Biological nature is always giving birth, regenerating, always in travail. Something is always dying, and something is always living on. ‘The whole creation has been groaning in travail together until now’ (Romans 8:22). Perhaps we can begin to recognize in creative nature dimensions both of redemptive and of vicarious suffering, one whereby ongoing success is achieved by sacrifice. (p. 58)

Rolston (2001) further argues:

There is a great divine ‘yes’ hidden behind and within every ‘no’ of crushing nature. God, who is the lure toward rationality and sentience in the upcurrents of the biological pyramid, is also the compassionate lure in, with, and under all purchasing of life at the cost of sacrifice. Long before humans arrived, the way of nature was already a via dolorosa. In that sense, the aura of the cross is cast backward across the whole global story, and it forever outlines the future. (pp. 59–60)

While there are multiple approaches to Christian leadership, the concept of kenosis weaves together the Creator, creation and creatures. Kenosis entails suffering and sacrifice. This suffering and sacrifice become the starting point for any form of Christian leadership and fit into creation. Le Poidevin (2013:226) noted that the Son’s subjection to the will of the Father is a direct indication of the Son entering human flesh and nature. The Son enters creation and its circles to suffer and sacrifice in for love to prevail. The descending of the Son carries a deep meaning of obedience, human obedience. Thus, human beings, laity, pastors, theologians and the general populous must accept great pains of suffering, obedience and sacrifice in leadership. This research will start by developing a picture of the God and human relation of Christ to formulate a conception of leadership that leans towards the person of Christ. The person of Christ through kenosis is a base for the true formation of Christian leadership. Philippians 2:5–11 provides insights into the mental framework Christians should have; it also establishes the identity of Christ before the world began.

Kenosis as love

Kenosis means self-emptying (Phlp 2:5) and is important for Christian theology; it is a concept, which can assist, socially and behaviourally, the church and Christians in the world. Kenosis provides the selfless attitude believers should have despite the suffering in the world. Rolston (2001:44) has pointed out the traits of kenosis that influence natural order despite the ruthlessness of natural systems. However, what is central in his argument is the close links of suffering and sacrifice in biological systems. Suffering is essential in the world as it defines the evolutionary coding of cosmic, biological and existential makeup of the genes. Rolston (2001) asserts:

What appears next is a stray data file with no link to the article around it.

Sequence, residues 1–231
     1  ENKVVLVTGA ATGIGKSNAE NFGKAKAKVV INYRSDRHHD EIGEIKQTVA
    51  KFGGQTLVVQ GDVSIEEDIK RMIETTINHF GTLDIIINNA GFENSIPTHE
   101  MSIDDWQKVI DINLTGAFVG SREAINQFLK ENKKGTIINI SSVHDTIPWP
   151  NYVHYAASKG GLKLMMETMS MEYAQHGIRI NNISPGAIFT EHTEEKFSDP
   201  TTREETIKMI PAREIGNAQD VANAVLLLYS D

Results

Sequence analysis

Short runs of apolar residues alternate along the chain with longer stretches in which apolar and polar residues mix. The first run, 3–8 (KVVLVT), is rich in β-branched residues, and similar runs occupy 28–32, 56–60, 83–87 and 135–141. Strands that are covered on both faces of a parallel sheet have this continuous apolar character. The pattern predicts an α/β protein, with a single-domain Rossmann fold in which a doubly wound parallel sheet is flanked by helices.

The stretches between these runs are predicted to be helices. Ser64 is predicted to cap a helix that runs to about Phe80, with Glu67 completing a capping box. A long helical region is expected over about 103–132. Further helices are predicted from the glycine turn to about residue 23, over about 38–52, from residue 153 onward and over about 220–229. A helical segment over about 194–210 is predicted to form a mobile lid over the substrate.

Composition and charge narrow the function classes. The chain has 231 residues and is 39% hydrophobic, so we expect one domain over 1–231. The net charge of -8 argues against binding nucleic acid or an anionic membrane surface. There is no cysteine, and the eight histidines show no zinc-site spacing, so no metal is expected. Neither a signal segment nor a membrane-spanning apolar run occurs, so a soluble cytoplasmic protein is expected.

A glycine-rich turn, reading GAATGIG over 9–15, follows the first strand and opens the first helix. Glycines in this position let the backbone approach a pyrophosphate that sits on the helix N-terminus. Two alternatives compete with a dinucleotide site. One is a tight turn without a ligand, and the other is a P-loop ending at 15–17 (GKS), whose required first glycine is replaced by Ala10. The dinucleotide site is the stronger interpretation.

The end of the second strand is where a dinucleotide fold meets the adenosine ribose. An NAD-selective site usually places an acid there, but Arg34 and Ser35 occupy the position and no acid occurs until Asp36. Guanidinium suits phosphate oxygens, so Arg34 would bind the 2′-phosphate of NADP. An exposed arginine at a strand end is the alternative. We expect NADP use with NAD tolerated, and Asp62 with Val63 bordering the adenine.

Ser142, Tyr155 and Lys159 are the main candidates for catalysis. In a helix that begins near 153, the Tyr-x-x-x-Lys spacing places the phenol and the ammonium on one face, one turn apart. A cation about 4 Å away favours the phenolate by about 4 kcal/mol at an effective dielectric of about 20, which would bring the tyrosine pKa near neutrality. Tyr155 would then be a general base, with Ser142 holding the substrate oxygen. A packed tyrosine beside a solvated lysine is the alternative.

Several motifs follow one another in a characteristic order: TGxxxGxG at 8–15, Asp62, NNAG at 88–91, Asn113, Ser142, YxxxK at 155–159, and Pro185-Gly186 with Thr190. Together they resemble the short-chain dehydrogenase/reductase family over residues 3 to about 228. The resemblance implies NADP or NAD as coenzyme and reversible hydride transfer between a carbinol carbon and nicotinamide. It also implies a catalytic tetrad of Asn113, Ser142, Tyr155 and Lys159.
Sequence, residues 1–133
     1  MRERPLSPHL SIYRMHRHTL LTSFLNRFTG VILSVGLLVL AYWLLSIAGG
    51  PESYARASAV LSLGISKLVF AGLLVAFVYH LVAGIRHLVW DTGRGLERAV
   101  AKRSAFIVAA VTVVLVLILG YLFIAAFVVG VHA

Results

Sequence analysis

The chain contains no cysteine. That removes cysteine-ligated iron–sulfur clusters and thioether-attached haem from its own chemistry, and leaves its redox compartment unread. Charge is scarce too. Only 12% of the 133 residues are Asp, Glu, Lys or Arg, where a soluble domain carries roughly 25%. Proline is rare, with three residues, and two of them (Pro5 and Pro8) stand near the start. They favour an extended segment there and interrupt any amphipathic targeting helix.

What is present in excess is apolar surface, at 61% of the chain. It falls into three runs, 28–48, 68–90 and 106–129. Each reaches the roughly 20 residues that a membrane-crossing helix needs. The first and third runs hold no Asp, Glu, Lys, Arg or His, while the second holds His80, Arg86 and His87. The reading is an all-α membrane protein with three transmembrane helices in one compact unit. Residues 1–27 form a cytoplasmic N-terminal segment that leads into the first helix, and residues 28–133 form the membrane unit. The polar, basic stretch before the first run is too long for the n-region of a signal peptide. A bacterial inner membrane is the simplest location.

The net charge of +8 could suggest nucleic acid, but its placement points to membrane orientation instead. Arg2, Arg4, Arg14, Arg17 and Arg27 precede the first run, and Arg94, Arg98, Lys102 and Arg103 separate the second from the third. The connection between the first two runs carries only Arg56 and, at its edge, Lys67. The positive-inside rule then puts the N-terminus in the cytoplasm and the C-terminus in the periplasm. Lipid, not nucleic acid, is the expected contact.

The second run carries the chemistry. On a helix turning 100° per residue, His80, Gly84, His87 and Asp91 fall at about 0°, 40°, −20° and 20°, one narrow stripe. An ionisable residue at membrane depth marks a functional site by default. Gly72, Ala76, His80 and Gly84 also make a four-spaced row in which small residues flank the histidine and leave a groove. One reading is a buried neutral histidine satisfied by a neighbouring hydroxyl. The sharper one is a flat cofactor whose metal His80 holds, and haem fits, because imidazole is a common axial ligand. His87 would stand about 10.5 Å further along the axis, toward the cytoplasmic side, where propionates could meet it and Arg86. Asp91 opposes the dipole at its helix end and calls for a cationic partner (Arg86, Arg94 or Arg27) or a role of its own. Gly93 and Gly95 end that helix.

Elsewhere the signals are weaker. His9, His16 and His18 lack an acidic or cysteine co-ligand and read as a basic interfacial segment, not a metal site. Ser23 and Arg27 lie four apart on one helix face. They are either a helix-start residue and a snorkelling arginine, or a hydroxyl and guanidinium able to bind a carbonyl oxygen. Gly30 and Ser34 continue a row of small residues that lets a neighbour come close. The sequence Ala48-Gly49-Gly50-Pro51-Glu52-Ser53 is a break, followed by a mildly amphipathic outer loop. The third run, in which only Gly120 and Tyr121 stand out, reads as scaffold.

If one compares the general worldview of biology with that of theology, it first seems that there is only stark contrast. To move from Darwinian nature to Christian theology, one will have to change from the sign of natural history, from selfish genes to suffering love. (p. 43)

Carson (1975:549) observed that ‘only a suffering God can save us’. Pardue (2012:273–275) notes that the various reception of kenosis include understanding the humility of God and the primary characteristic of the Godhead from eternity. Kenosis provides philosophical, theological and ethical insights.1 Through kenosis, we engage the fundamental ingredients that shape soteriology and the redemptive process, which lays before the foundation of the world. The love of God for creation is channelled from eternity and is apparent in God’s humility and God assuming flesh to be fully bound to humanity; Christ is an ecclesiastical celebration of the soteriological embodiment of the Divine in Imago Dei evident in the Incarnation. Doncel (2006:5) explains kenosis in relation to God’s love and its link to human beings as co-creators with God. However, the central point of kenosis is bound in love that is at play in the Trinitarian union (Doncel 2006:5). This love in the Trinitarian union meant that Christ ought to be like us in all things (Le Poidevin 2013:215). The role of love as central to the Creator and creation leads to a serious existential need of conceiving God and the workings of God in the world and in humans.

Kenosis: Fully God and fully human